I am a writer.
I can say that with bold confidence, even though my first novel has yet to be released (it's currently scheduled for a late spring launch). I was a writer long before I ever began working on this, my first-ever, novel. You see, when I say I am a writer, I mean that writing is an intrinsic part of who I am, as much as my eyes, nose and goatee are an intrinsic part of my face. (My wife has never seen me without my goatee, and I intend to keep it that way!) I enjoy stringing words together, so that they form interesting (or at least complete) sentences, and compiling those sentences into engaging, somewhat coherent, thoughts.
Writing is one of those simple things in life, that brings me great joy. It's not quite on par with strolling hand-in-hand with my wife along the beach, or having dinner with my daughter and her family, or watching my grandkids do...well, almost anything, but it's close. When the writing clicks, it's very close.
I particularly enjoy taking a difficult or complicated subject and using my linguistic skills to explain it in a way that is clear and easy to understand for everyone, particularly the layman, who may not be trained in that particular subject.
It's good that I enjoy that type of writing, since it is a significant part of what I do in my regular job—you know, the one that makes it possible for me to do...well pretty much everything else in my life. I work in Communications, and as such I write (or have written) all kinds of documents, from press releases and annual reports to CEO speeches and news stories for employee intranets. I've also written a couple if magazine articles, and been compensated for them, but that's more of an on-the-side, thing.
Over the past several years, just for fun, I've been working on honing my fiction writing skills. It's more than just for fun, really. It's the kind of writing I've always wanted to do. It's the kind of writing I've always felt like I was meant to do. It's also the kind of writing that comes the least naturally to me. I don't know why, but the non-fiction, business and journalistic styles of writing have always seemed to come the easiest, and yet, as much as I enjoy writing in those styles, I've never shaken the feeling that I NEED to be writing fiction of some sort, preferably science fiction. Perhaps because that's what I most enjoy reading. Perhaps that's also why the journey of writing my current novel has been such an enjoyable experience for me. Even though it's my first full-length novel, and learning the "how-to" parts of it have sometimes been embarrassingly difficult, it's been (and continues to be) an amazing learning experience. Writing fiction is so different from the other writing I do in my daily work—different, not just in terms of content (which is obvious), but also in the process. In writing for work, for example, I edit along the way. The projects are short, as are the deadlines, and the drafts have to be pretty tight the first time around. The last thing I want to do is send my CEO a draft of a letter to review, that is written on his behalf, and that's a complete mess. So "first drafts" are really as close to final as I can get before I ever send them up for review.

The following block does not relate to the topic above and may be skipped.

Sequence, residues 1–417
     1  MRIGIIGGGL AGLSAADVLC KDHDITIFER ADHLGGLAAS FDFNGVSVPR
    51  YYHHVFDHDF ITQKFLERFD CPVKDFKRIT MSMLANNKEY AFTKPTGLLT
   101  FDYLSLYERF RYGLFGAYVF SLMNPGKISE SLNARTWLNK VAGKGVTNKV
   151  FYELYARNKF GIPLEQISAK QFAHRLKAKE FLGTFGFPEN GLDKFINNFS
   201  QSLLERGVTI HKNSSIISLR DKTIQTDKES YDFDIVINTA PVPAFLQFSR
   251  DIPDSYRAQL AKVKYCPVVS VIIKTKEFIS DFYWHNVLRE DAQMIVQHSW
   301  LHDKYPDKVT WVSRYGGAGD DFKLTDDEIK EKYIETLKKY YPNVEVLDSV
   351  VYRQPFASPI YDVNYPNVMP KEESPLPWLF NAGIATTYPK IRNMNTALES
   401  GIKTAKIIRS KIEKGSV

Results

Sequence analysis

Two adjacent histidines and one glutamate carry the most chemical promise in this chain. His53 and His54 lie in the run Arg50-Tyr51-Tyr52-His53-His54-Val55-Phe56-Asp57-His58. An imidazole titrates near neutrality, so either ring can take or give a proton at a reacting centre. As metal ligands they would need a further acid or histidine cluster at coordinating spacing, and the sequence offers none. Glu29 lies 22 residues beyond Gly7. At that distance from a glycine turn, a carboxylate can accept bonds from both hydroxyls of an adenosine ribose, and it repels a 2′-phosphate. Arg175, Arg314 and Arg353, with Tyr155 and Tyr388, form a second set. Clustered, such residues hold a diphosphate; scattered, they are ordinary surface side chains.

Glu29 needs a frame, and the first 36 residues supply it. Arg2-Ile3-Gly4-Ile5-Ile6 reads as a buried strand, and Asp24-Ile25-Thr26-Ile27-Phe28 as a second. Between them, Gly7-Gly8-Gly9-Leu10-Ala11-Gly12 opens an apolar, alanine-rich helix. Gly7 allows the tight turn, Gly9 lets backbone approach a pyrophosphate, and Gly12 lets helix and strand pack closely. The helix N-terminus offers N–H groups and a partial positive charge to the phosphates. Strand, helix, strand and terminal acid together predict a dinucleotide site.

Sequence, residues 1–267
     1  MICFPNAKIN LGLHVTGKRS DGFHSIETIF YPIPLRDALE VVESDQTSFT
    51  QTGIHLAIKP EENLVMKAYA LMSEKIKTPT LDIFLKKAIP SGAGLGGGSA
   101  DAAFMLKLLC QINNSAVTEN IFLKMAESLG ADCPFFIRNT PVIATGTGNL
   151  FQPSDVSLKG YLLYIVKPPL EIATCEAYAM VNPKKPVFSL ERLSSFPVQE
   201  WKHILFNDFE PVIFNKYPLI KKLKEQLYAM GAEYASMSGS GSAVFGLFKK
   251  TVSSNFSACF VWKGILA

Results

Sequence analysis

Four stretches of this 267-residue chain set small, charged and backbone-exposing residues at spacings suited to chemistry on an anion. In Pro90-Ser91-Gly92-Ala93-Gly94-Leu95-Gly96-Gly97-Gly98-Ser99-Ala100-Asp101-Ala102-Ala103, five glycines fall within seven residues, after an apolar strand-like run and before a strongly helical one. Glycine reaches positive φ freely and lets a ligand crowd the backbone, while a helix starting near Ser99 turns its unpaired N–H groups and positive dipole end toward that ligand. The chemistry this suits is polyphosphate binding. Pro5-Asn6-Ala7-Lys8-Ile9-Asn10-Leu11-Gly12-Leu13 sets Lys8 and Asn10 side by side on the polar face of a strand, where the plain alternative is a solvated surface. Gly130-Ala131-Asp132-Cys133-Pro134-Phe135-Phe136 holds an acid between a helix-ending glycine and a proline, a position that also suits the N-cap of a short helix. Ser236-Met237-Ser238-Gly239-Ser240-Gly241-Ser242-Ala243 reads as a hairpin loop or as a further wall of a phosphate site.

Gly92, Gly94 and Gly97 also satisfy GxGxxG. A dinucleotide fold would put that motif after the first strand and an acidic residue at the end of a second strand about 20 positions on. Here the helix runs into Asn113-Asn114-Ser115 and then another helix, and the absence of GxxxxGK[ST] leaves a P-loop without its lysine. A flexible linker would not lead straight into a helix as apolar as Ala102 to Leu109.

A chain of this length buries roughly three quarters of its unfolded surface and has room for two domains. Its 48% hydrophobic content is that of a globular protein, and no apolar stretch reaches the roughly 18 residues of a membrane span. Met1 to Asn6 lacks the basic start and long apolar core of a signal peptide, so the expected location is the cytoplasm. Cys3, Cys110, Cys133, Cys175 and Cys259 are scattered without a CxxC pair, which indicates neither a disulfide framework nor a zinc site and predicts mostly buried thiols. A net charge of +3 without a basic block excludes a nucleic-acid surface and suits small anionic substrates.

My fiction stories, on the other hand, have a much different process (please see my previous "How I Write" series of blogs). To actually write a complete novel, I had to learn a new way to write. I had to learn to write straight through, without editing along the way. Continually editing, as I do with my "business" writing, is a recipe for disaster when it comes to writing, and completing, a fiction story.
So now, as I go through the final stages of editing and preparation for publishing, I eagerly anticipate the prize that awaits me. Once my novel is released to the world, I'll be able to add the title of "fiction writer," to my resume, a prize I'll hold dearer than most can imagine.